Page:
Structural Biochemistry/Bacteria< Structural Biochemistry
Bacteria belong to the subgroup of prokaryotic microorganisms. They can be found in many habitats on the planet, living bodies of plants and animals, and organic matter as well. There are approximately 40 million bacterial cells in a gram of soil and this amount in one milliliter of fresh water is a million. Bacteria, due to its widespread presence, have the largest biomass on Earth.
A lipid membrane surrounds the bacterial cell. This membrane defines the shape of the cell as it encloses all of its internal components and also keeps all the essential nutrients, proteins, etc. within the cytoplasm. Since bacteria are defined as prokaryotes, they do not have membrane-bound organelles and also miss some of the eukaryotic organelles such as the endoplasmic reticulum and the Golgi apparatus. Genetic information of bacteria is stored in the nucleoid which contains a single circular chromosome with RNA and associated proteins. Ribosomes are found in bacteria to help produce proteins; however, their structures differ from those of eukaryotic cells and Archaea.
On the outside of the cytoplasmic membrane of the bacterial cell, a cell wall is present. Its material usually is peptidoglycan. The cell wall serves as the front and most important line for protecting the cell from being attacked by outside chemical reagents such as antibiotics. There are mainly 2 types of cell wall –Gram-positive and Gram-negative. Gram-positive bacteria’s cell walls are thicker than those of Gram-negative ones which are the case in most bacteria. In addition, an S-layer made of proteins covers the outside of cell. This acts as a macromolecular diffusion barrier. Other extracellular components include: • Flagella, rigid protein structures, help cells with mobility. Its driving force by the energy released by the transfer of ions down an electrochemical gradient across cell membrane. • Fimbriae, fine filaments of proteins, are involved with attaching to solid surfaces or to other cells.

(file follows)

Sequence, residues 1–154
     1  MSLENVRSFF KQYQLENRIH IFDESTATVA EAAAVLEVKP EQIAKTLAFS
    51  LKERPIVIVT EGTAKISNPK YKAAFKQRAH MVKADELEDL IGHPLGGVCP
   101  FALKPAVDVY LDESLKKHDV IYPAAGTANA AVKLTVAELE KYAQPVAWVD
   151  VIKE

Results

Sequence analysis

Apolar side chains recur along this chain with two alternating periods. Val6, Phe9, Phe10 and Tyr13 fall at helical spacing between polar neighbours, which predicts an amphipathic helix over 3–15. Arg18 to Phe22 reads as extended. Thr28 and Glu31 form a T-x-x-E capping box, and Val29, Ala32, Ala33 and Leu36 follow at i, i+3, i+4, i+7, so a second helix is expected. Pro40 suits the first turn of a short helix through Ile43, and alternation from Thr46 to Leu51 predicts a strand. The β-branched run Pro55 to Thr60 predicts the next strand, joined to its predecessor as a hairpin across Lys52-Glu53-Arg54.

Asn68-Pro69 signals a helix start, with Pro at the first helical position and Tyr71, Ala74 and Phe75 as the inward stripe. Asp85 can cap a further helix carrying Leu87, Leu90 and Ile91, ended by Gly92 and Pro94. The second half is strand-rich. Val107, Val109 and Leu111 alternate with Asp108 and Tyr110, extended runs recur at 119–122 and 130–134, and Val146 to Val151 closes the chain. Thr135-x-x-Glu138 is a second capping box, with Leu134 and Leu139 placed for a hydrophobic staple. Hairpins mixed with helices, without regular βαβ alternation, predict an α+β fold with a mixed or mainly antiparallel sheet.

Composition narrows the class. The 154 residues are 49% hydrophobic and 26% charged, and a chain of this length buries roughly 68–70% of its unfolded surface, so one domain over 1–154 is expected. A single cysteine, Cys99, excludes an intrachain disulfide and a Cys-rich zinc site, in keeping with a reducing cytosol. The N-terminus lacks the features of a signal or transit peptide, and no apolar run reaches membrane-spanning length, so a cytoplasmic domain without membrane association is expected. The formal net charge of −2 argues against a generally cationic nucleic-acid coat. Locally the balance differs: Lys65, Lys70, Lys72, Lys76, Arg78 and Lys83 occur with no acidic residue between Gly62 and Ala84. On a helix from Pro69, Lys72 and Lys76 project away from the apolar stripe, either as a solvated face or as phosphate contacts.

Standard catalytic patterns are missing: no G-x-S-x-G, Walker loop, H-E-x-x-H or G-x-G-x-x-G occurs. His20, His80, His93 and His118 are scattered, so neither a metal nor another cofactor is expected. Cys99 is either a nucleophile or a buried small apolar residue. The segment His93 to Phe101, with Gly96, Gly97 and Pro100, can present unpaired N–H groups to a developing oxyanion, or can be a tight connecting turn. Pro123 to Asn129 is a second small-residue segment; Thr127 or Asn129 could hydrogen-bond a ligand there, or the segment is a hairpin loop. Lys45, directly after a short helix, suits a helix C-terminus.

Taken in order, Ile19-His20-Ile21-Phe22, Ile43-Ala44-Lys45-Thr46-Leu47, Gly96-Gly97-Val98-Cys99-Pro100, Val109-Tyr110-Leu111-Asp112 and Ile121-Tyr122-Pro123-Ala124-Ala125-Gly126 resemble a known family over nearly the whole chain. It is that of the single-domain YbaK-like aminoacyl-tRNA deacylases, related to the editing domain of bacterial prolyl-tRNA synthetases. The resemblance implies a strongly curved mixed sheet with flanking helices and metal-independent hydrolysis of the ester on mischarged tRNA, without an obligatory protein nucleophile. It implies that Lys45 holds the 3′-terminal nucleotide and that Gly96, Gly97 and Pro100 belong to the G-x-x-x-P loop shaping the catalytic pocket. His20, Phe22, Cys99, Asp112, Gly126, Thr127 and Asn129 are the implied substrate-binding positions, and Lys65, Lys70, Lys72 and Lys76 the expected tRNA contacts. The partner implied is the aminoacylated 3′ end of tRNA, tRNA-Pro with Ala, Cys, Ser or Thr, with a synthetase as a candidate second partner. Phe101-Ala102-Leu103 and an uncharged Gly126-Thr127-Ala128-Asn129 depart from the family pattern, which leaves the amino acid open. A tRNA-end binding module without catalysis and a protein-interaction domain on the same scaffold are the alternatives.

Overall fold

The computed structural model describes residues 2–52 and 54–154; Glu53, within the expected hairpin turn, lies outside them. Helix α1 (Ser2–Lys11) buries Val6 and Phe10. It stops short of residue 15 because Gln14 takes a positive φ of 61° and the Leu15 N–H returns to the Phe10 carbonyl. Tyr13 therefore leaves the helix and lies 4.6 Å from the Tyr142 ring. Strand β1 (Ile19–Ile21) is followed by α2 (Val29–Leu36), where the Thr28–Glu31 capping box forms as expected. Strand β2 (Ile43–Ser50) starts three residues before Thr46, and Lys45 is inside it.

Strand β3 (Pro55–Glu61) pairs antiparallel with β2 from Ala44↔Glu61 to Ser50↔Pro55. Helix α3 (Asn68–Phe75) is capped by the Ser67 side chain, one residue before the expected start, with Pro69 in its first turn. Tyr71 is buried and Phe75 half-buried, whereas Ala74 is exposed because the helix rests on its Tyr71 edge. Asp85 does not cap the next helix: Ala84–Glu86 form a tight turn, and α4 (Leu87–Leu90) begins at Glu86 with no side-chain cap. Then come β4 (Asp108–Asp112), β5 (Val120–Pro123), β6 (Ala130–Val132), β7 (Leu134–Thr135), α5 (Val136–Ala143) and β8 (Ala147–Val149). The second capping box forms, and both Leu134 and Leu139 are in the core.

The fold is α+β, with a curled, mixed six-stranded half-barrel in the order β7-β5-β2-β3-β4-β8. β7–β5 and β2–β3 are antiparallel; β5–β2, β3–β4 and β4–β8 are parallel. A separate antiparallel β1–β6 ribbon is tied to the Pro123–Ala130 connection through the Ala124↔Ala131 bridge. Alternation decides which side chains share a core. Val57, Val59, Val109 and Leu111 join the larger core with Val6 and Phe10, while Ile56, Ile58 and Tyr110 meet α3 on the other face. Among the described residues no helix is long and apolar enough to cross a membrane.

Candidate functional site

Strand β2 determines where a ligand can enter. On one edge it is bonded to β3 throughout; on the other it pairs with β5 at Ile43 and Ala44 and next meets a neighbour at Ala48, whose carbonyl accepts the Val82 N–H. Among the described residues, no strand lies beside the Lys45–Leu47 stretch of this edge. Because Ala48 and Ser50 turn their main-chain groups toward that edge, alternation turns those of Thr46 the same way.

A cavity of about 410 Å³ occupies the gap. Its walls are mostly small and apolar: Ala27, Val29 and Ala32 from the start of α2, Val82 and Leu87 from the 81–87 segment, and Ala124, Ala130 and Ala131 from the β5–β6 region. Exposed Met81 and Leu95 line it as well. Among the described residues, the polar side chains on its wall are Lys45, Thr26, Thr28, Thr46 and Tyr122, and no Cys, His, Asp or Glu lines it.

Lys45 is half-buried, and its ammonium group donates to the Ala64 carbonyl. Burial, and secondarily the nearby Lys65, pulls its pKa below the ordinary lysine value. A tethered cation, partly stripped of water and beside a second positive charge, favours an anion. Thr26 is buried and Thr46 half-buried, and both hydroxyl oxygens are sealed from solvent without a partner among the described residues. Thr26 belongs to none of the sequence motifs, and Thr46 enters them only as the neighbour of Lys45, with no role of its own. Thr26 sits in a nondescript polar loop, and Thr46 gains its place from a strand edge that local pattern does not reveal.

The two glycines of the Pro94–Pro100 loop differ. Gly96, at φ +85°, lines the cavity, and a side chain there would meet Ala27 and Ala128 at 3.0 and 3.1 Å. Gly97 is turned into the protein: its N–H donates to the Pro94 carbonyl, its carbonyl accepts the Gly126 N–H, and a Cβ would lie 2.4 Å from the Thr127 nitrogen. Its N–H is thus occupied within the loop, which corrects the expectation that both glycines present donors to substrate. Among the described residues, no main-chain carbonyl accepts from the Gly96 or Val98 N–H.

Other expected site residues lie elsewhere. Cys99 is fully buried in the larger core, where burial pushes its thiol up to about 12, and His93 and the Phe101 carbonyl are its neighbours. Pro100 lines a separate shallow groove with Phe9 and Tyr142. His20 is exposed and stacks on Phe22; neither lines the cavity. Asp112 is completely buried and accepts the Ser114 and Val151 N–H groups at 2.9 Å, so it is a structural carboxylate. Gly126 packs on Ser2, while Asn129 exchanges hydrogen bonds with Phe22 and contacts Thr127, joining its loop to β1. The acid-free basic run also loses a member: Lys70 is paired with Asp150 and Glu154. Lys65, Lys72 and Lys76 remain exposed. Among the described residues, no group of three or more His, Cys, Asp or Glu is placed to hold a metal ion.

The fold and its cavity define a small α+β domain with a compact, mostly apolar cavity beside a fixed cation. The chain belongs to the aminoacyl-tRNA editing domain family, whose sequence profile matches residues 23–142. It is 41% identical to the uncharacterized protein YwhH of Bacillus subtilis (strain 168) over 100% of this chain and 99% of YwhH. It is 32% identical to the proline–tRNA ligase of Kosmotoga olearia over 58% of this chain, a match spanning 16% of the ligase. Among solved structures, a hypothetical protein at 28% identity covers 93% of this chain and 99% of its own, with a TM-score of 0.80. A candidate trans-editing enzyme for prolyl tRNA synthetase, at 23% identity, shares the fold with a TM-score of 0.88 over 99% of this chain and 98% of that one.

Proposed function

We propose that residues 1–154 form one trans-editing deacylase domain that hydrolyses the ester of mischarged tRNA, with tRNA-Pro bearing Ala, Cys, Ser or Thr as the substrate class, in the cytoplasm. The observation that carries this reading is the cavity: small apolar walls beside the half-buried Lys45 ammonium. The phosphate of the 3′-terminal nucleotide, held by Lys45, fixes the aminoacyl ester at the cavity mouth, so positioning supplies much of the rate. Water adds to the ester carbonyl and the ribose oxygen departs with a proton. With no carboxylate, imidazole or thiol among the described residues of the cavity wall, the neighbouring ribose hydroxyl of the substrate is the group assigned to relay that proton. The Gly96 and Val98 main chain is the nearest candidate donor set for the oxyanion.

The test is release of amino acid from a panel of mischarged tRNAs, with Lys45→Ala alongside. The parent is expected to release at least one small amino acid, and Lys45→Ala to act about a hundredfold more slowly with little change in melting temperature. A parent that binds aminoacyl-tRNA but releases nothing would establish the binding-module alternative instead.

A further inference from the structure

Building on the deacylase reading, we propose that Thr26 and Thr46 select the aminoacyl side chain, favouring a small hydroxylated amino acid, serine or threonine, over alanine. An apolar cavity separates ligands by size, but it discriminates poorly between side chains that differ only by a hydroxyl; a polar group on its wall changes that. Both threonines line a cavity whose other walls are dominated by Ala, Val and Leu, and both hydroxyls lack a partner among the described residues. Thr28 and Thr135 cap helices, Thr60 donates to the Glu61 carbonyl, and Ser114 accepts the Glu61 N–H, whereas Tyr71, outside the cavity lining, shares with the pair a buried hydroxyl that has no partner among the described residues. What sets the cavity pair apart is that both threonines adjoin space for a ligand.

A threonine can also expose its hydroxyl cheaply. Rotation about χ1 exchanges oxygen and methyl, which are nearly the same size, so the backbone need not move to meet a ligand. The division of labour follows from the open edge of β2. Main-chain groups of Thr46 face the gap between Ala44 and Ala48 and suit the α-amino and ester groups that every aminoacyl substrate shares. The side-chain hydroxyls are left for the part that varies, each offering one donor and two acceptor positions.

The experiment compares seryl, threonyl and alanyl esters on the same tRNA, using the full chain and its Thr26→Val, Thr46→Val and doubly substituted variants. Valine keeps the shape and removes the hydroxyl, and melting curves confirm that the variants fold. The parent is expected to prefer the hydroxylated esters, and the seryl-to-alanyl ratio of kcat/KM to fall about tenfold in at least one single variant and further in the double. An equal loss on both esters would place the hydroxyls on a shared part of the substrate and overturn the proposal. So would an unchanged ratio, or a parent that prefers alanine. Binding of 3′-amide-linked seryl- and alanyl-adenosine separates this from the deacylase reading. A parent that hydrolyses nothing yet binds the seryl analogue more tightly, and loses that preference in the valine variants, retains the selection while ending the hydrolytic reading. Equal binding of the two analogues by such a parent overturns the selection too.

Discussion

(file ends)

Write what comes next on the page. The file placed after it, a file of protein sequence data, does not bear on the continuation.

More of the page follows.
Endospores They are dormant, tough structures made by certain bacteria. The reason for the formation of endospores (usually happening in Gram-positive bacteria) is due to the deficiency of nutrients.
Many different metabolic types are adopted by bacteria. Three major criteria defining the characteristic of each type (nutritional type) of bacterial metabolism are the energy source, the carbon source, and the electron donors used for growth. In phototrophs, sunlight is used as the source of energy. In lithotrophs, inorganic compounds are the energy source. Lastly, organic compounds are what provide energy for organotrophs metabolism to take place. In all three nutritional type, organic compounds and carbon fixation are the sources of carbon.
Growth and reproduction
Bacteria, after growing to a set size, would go through binary fission to reproduce themselves. This type of reproduction is asexual. Bacteria’s reproduction rate can be as much as double the population every 9.8 minutes under optimal conditions. In addition, some kinds of bacteria can also produce in a more complex method by have more evolutionary structure that help form new daughter bacterial cells.